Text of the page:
Monday, December 21, 2009

"Give Her What She Desires....."

Just a weird, experimental short film inspired by the Oscar Wilde play meant for independent film festivals, story/experimentation challenge, and editing practice.

Watch "Salome" HERE. Feel free to rate and comment.

Some beautiful behind-the-scenes photos by Anna Tzyna are HERE.

About "Salome":

After, literally, years of not wanting to touch this project because of tech issues and editing issues and all kinds of other bullcrap, my experimental short film adaptation of Oscar Wilde's play "Salome" is finished and up on Youtube (and I'll enter it into fests throughout 2010, obviously).

I like how it came out. If I could go back and change a lot of things, I would but it's too late now....Gotta let it go.

I read the play, fell in love with it, thought that I saw something in it that nobody's seen yet, was haunted by the story, and decided that I should do my own take on it.

It was shot to be an experimental film and edited as such. It's what it was supposed to be. This is a really strange little film but understand that it's about belief, perception (and falseness), dreams, and hidden thoughts/feelings/motives. And the aesthetic reflects this which is why parts of the film are made of paper (the stuff of written words, both true and false) and even most of the characters look like they're made of paper--brittle, bendable, fragile.

This Salome is not the fire-breathing temptress that she's usually portrayed as because, when I read the play, I did not see her that way at all. And one of the objectives of this project was to stay as close to the spirit of the Wilde play as possible. To me, Salome is a character who is trapped, desperate, and between a rock and a hard place emotionally. Her tragic flaw was not that she demanded the head of Jokanaan; it was that she fell in love with the wrong person. She has no where else to turn to and, the one person that she desires, believing him to be a lifeforce (a genuine source of thought, compassion, naturalism) leads her into a fall of faith in love. Salome's actions, after she is rejected by the prophet, stem from heartbreak more than lust.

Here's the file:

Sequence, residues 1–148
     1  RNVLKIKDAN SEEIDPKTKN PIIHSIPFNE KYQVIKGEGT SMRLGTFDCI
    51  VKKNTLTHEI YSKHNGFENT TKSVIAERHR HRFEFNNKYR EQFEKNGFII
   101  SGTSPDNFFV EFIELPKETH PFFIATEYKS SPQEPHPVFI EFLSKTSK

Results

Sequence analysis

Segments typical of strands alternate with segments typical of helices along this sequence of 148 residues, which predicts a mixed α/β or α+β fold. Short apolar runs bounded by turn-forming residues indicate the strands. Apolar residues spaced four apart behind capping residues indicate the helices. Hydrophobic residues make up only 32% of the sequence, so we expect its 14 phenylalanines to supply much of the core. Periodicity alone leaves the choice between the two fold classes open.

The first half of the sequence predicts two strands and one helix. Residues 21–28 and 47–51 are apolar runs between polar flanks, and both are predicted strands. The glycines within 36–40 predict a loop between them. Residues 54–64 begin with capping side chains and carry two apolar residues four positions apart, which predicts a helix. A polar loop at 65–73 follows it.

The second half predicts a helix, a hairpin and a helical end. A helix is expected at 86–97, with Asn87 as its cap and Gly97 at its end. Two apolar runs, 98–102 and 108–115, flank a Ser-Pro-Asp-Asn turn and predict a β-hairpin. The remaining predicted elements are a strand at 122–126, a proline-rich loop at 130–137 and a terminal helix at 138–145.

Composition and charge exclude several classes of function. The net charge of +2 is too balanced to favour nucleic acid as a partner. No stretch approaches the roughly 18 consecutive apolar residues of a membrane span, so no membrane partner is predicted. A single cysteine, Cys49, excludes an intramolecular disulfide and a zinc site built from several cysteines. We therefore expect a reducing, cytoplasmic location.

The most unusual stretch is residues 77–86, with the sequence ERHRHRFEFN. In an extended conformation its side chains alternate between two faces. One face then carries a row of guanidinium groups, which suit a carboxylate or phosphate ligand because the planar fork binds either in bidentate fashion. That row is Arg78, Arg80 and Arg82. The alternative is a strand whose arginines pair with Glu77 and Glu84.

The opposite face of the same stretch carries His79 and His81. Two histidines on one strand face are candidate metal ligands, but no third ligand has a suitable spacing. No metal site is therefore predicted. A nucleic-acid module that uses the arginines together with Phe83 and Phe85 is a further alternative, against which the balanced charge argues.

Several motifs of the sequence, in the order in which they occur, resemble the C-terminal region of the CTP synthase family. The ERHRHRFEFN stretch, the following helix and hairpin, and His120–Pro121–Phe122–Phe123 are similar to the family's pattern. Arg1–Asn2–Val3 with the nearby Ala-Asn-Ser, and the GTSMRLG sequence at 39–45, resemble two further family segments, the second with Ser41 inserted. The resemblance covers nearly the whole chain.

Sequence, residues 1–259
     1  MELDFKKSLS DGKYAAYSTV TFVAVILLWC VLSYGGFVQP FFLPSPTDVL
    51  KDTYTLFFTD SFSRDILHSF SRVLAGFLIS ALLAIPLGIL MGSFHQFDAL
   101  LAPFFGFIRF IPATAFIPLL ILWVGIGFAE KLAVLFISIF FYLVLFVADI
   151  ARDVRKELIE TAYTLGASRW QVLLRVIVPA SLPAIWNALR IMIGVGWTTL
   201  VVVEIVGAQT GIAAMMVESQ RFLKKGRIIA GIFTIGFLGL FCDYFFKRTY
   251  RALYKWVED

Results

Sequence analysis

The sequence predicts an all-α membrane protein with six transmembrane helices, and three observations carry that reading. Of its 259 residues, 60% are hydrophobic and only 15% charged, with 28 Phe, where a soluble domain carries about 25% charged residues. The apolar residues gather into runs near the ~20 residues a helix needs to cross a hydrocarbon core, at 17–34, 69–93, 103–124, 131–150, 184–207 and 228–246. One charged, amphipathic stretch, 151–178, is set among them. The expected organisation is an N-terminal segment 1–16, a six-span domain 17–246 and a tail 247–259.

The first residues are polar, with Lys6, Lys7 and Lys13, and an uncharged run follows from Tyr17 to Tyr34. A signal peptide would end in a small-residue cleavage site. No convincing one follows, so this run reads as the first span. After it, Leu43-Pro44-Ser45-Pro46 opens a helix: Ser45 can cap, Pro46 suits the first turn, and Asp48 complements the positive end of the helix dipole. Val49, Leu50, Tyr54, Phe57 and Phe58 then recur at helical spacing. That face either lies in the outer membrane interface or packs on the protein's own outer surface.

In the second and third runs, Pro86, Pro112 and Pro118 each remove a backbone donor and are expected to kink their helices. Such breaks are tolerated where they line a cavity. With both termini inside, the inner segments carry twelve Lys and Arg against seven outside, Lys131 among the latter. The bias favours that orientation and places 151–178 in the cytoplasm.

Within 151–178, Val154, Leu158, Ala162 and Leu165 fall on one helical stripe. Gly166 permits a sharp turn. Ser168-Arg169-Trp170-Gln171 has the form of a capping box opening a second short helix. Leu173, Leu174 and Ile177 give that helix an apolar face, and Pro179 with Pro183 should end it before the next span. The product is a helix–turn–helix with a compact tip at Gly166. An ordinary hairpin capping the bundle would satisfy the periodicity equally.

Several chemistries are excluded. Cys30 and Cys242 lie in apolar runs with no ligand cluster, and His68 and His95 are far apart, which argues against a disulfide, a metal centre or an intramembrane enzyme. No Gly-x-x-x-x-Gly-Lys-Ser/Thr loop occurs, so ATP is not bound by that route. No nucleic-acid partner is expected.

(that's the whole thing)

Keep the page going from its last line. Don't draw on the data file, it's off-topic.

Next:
"Salome" is a story of despair, regret, and lost possibilities.

And, for whatever reason, my version has cartoon snakes in it. Go figure.

Although Aubrey Beardsley is most commonly associated with Oscar Wilde's "Salome", my main influence for this project was another artist: the 16th Century Dutch painter, Hieronymus Bosch whose aesthetic, I thought, matched perfectly to the sinister, moonlit Wilde interpretation of this biblical legend.

In the painting below, entitled "Temptation", there is the figure of a woman in the middle. Her skin is the same color as her clothing (white on white on white on white), possibly Lot's wife (?) after she became a pillar of salt--the ultimate "Curiosity Killed The Cat" warning fable. Any way, this figure in the painting is aggressively menacing due to her inverted, bleached-out parody of purity. This figure was the core of the aesthetic for this project.

White on white on white. Bloodlessness. Shrouded. Drawn. Fragile.

Who is the only character in the film who looks like he has life in him? Who is the character that is the story's center of attraction? Exactly. Vampirism is also a metaphor in this project. What is it that Salome is drawn to.......?

Other influences on this project:

"Nosferatu" (1922)

"The Passion of Joan of Arc" (1928) (almost nonexistant, minimalist sets)

"La Belle et La Bete" (1946) (yes, I realize that it's Cocteau in this pic,not a still from the film, but I like it and I think it's cool)

"Haxan" (1922)
"Bram Stoker's Dracula" (1992)

It certainly is Oscar Wilde's "Salome" but there are other meanings, images, and subtexts that I've included in the short film, that tie into the story as well. Enjoy.

Questions? Write me: --Derek

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